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May 2010 Archives

May 8, 2010

Staying in a Ryokan

You haven't really been to Japan until you stay in a Ryokan or Japanese style inn. Rates are higher than business hotels, but may include breakfast and/or dinner and a hot spring bath. When you arrive at the inn, remove your shoes in the entry and step up into the guest slippers that are supplied, taking care not to step on the entry floor in stocking feet. A staff person will guide you to your room. Take off your slippers at the entry before stepping onto the delicate "tatami" or woven rush mat floor.

Typical guest room in a ryokan

In the center of the room will be a low table with a "zabuton" cushion to kneel on. On the table is a thermos of hot water and a tea set, ready for you to make "ocha" or green tea. Often there's a small sweet or rice crackers to nibble with your tea. You won't see any bed in the rooms because the "futon" bedding hides in a closet during the day. After dinner, a staff person will come and lay out the bed for you on the floor.

Yamanaka Ryokan in Tokyo with my Speeding tikit

After a long day of biking and sight-seeing, there's nothing like a soak in the "ofuro" or bath to relax sore muscles. Most Ryokan (say 'dyo' and 'kahn' in 2 quick syllables) have large communal baths - one for women, one for men - often fed by natural thermal springs. When you head to the bath, take along a bath towel, a small towel for washing, and "yukata" cotton kimono and "obi" sash supplied in your room. You can tell which bath is for women and men by the red or blue curtain outside the door. In the changing room, stash your clothes in a basket and take your small towel with you to the bath area.

The first thing to do is grab a small stool and basin and wash thoroughly at one of the spigots. There's usually a shower head as well, which you can use while seated. Rinse soap suds by pouring lots of hot water over your shoulders. Once clean, step into the very hot tub and relax. You can leave the small towel in the washing area, or, as many people do, fold it and put it on your head (don't dip the towel in the tub). Often there are rocks and plants artfully arranged with hot water running down. There may be a "roten-buro" or outdoor spa set among rocks and trees with screening for privacy. There's nothing like soaking in a hot spring bath with snow drifting down while gazing at the mountains! In cities the rotenburo may be on the top floor of the hotel.
(Adapted from "Living Abroad in Japan" 2008 by Ruthy Kanagy, page 84.)

Cycle tour group at Inn Fujitomita near Mt. Fuji

Last fall I stayed at Suigetsu Hotel Ogaiso in Ueno on a cycle tour I led. It is not inexpensive, but very comfortable and walking distance to the National Museums, Ueno Park and Zoo, and 'Shita-machi" old Tokyo neighborhoods, with convenient train connection to Narita Airport. (Ruthy Kanagy).

Booking a Japanese Style Inn

Japan Guesthouses

Japan Ryokan Association

May 26, 2010


If you're the lazy type who want to take it easy on the bicycle, try out one of the "Den-Do-Assisuto", or the electric assisted bicycles.


They're nothinig new or minor, and can been seen in large quantities all around Tokyo and in Japan. You may not notice them at a glance since they're mostly in the same form factor of the mama-chari, or shopping bikes. You can distinguish them by the battery pack they carry between the the seat and the pedal.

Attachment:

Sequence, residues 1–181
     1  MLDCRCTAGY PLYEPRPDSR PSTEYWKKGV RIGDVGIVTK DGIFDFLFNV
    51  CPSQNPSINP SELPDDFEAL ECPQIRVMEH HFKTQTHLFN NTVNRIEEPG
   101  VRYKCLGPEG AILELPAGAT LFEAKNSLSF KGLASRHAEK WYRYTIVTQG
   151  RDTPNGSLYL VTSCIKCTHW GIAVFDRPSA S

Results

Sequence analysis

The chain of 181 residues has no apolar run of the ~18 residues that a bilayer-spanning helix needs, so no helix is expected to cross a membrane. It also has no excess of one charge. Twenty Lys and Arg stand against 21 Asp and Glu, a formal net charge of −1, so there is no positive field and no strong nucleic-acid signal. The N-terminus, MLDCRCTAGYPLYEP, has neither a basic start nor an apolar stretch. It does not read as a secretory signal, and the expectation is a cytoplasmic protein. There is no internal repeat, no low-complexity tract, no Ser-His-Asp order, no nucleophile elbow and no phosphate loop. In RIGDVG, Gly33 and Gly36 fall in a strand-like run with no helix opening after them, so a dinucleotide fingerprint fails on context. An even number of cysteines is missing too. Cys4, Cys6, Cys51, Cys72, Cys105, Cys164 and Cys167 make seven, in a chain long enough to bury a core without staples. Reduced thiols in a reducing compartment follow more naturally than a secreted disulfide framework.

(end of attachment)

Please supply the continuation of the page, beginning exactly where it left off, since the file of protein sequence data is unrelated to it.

One characteristic that sets these bicycles aside from electric bikes found in other countries is that they are electric assist bikes, not electically driven bikes. The electric motor is only there to assist your pedaling, not to run the bike instead of you as in a scooter. Sorry folks who though they could skip the cranking... this is because the bikes need to stay human-powered in order to stay legally categorized as bicycles. (Maximum assist power is defined as well)

They first kilometer and a few stop and goes on the bike will give you a strange feeling. To feel an aggresive acceleration that doesn't match up with the power you put on to pedal yourself is something your senses do not expect right away. But soon, the surprise turns in to smiles after a few stop and goes when you quickly become used to it. This assisted acceleration is something one should experience.
The electrical assist mechanisms on the latest bikes are smart, and controls the level of assistance by sensing the force you put on to the pedals. If you slam the on the "gas", the assisted acceleration is huge, and the assist is soft if you pedal light.

The easiest way to experience the Den-Do Assisuto is to rent one. MUJI (Mujirushi Ryohin) at Yurakucho has a rental bike service where you can rent an electric assist bicycle.

  • Mujirushi Ryouhin Yuurakucho

    • 1 min walk frim JR "Yuraku-Cho" Sta. Kyobashi Exit.
      (You can casually stroll around Ginza and Marunouchi using the rental

    • Fee(weekdays) 525yen/day (tax included)

    • Fee(weekends) 1,050yen/day (tax included)

    • Deposit 3,000yen (cash only, returned on bike return)

    • Time 10:00 - 20:00 (registration 18:00)

    • Passport or ID required

    • Reservations accepted

    • http://www.mujiyurakucho.com/info/index.asp

About May 2010

This page contains all entries posted to Cycle Tokyo ! Weblog in May 2010. They are listed from oldest to newest.

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